– Dr. Andrew Griffith, Assistant Professor, Department of Agricultural and Resource Economics, University of Tennessee
FED CATTLE: Fed cattle trade was not well established at press. Asking prices on a live basis were mainly $115 to $116 while bid prices were mainly $109 to $110.
The 5-area weighted average prices thru Thursday were $110.10 live, down $3.01 from last week and $176.09 dressed, down $4.09 from a week ago. A year ago prices were $117.18 live and $187.88 dressed.
When cattle finally traded last week, they were $2 higher than the prior week, but cattle feeders and packers continue to be slow coming to terms on price again this week. Packers have been losing dollars in the wholesale market and cattle feeders are marketing cattle that are doing well to break-even in some cases. The struggle between the two has brought price determination to a standstill, and it is doubtful that prices will test the $100 price mark this summer. It appears both the packer and the cattle feeder think they hold leverage over the other in the current market which is why trade is slow to occur. The key for both groups will be to keep cattle marketings current and keep beef moving.
BEEF CUTOUT: At midday Friday, the Choice cutout was $205.11 up $0.20 from Thursday and up $1.19 from last Friday. The Select cutout was $198.57 up $0.30 from Thursday and up $1.82 from last Friday. The Choice Select spread was $6.54 compared to $7.17 a week ago.
Following nine consecutive weeks of Choice boxed beef prices steadily declining, Choice and Select beef prices turned around this week. The nine week price decline saw the Choice box price decline more than $27 per hundredweight, but it has yet to really test the $200 mark which was mentioned as a possibility in an earlier column. Last week’s Choice price was the lowest price for wholesale Choice beef since the last week of December 2017. Current prices are still slightly below prices from the same week one year ago, but they have shown considerable strength compared to last year. Looking at prices from 2017, the Choice cutout peaked at nearly $251 in the middle of June and collapsed to $191 in the middle of September which is a loss of $60. Thus, the decline in 2018 has only been 45 per-cent of the summer decline in 2017. Historical price data would imply there is still potential for downside price risk in the whole-sale beef market. However, if packers can hold current prices or push them higher next week then the risk may be very small.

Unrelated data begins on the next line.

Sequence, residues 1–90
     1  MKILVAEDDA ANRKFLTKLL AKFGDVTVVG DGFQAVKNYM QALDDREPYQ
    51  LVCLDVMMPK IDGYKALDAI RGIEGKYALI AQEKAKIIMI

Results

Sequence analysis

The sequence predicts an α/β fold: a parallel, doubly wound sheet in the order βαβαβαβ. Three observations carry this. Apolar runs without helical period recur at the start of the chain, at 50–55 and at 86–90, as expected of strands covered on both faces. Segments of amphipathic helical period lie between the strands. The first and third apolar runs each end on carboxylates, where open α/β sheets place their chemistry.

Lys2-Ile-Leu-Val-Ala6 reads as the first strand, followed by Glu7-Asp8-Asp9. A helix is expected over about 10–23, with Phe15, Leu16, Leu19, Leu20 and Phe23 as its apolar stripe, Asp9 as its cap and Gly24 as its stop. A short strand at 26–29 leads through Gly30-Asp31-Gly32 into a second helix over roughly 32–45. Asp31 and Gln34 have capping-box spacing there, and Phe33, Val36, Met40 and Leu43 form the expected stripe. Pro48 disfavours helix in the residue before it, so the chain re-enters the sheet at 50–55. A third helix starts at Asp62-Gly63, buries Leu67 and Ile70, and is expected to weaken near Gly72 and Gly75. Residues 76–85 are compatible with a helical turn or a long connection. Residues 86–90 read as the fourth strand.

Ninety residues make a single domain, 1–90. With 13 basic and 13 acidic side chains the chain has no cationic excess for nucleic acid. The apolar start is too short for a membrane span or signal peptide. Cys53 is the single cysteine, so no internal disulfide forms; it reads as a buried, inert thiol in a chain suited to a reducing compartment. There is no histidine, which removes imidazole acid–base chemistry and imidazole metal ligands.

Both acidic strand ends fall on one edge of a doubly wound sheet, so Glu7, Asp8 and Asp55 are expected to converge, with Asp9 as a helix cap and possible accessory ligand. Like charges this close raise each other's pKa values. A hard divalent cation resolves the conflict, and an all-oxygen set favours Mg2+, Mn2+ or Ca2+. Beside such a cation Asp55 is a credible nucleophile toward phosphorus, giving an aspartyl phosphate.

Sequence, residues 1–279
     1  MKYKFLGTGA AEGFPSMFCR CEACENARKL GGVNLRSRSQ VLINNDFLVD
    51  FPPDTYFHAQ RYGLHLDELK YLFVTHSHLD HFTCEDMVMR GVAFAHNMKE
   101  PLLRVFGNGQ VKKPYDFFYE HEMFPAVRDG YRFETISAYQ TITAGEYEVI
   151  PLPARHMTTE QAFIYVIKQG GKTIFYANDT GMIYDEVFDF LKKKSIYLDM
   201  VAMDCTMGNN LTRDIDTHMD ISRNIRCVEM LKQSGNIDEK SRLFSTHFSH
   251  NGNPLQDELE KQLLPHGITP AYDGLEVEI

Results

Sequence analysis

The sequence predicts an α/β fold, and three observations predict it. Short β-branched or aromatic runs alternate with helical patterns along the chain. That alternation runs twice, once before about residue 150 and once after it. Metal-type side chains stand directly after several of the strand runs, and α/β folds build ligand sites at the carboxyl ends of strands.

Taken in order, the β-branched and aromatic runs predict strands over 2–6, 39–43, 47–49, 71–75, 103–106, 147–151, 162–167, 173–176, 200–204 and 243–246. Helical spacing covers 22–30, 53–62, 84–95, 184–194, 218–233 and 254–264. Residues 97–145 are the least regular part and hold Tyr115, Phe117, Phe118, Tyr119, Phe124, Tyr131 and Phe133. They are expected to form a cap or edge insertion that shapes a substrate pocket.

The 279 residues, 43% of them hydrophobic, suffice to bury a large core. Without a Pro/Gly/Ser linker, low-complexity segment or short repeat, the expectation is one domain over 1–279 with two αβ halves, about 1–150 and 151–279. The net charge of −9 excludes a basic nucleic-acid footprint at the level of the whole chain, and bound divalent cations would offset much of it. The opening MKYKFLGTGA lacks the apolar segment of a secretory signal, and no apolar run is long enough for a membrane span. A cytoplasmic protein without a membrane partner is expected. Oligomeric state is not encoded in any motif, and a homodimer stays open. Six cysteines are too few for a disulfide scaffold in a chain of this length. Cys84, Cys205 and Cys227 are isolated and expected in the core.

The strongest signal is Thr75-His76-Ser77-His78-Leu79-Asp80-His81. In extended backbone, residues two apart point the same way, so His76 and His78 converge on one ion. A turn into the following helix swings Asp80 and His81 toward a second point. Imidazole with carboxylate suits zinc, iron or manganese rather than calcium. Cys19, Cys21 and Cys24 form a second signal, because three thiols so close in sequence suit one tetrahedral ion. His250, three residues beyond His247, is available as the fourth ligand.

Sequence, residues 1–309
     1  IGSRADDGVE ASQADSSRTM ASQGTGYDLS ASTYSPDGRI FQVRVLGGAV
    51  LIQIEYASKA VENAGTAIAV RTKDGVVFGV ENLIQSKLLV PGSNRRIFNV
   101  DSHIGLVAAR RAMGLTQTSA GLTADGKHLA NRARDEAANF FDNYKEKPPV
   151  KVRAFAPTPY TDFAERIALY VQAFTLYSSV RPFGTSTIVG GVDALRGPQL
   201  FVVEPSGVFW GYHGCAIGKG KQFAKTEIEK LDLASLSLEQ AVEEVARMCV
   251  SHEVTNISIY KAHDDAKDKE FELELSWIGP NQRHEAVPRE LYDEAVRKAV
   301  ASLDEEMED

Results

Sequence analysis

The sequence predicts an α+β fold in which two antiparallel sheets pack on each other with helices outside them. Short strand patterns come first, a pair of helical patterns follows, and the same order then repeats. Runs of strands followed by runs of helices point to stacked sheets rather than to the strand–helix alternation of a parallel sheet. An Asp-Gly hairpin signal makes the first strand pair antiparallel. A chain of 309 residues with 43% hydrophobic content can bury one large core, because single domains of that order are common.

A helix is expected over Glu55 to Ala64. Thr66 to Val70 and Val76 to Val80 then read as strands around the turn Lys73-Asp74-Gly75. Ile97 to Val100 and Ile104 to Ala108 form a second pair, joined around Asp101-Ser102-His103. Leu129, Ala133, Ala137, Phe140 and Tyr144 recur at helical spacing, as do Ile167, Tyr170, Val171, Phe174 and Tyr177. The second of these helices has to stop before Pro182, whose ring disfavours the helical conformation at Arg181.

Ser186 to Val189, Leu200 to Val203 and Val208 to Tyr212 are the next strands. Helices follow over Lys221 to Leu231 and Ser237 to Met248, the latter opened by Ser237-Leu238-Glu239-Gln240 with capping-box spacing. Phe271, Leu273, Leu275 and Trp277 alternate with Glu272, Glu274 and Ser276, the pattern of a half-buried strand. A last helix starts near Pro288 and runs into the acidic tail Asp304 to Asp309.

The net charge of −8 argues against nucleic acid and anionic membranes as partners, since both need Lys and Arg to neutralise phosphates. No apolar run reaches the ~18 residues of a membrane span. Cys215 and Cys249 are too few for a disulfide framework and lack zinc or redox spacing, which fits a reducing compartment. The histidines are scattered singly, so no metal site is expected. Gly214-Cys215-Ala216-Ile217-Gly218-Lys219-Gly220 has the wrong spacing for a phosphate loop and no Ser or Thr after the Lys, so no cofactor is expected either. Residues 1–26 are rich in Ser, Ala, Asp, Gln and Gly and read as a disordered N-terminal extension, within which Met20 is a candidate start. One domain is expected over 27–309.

OUTLOOK: The July 1, 2018 cattle inventory report was released last Friday, and it contained few surprises relative to what was expected by industry analysts. All cattle and calves as of July 1 totaled 103.2 million head which is 1 million more head than the previous July. Most of the increase comes from a 692,000 head increase in the calf crop compared to a year ago. The calf crop estimate totaled 36.5 million head with 26.6 million in the first six months of the year and 9.9 million in the second half of the year. Beef cows that calved totaled 32.5 million head which is an increase of 300,000 head compared to one year ago. One number that declined was heifers held for beef cow replacement and it declined 100,000 head compared to last year and came in at 4.6 million head. This information may be interesting to some, but most in the industry are trying to deter-mine what this means for the cattle herd as far as expansion and contraction are concerned which leads to expected prices for feeder cattle and live cattle the next few years. July 1 inventory numbers along with heifer and cow slaughter numbers for the first half of the year would certainly indicate a slowing of the expansionary phase of the beef cattle herd. However, these numbers do not necessarily mean the herd is contracting. Moving through the second half of 2018, the picture will become even clearer as the fall run of calves come to market and as producers continue to cull cows. It is almost certain calf and feeder cattle prices will deteriorate moving into the fourth quarter of 2018 which will result in fewer heifers retained and more cows going to market. However, the January 1, 2019 cattle inventory report will most likely show an increase in total cattle inventory in the 0.3 to 0.8 percent range com-pared to January 1, 2018. This means prices will be pressured lower in 2019 and 2020 which will lend itself to contraction of cattle inventory. A number of things could blow this analysis to pieces such as drought or trade issues but this is based off the current situation.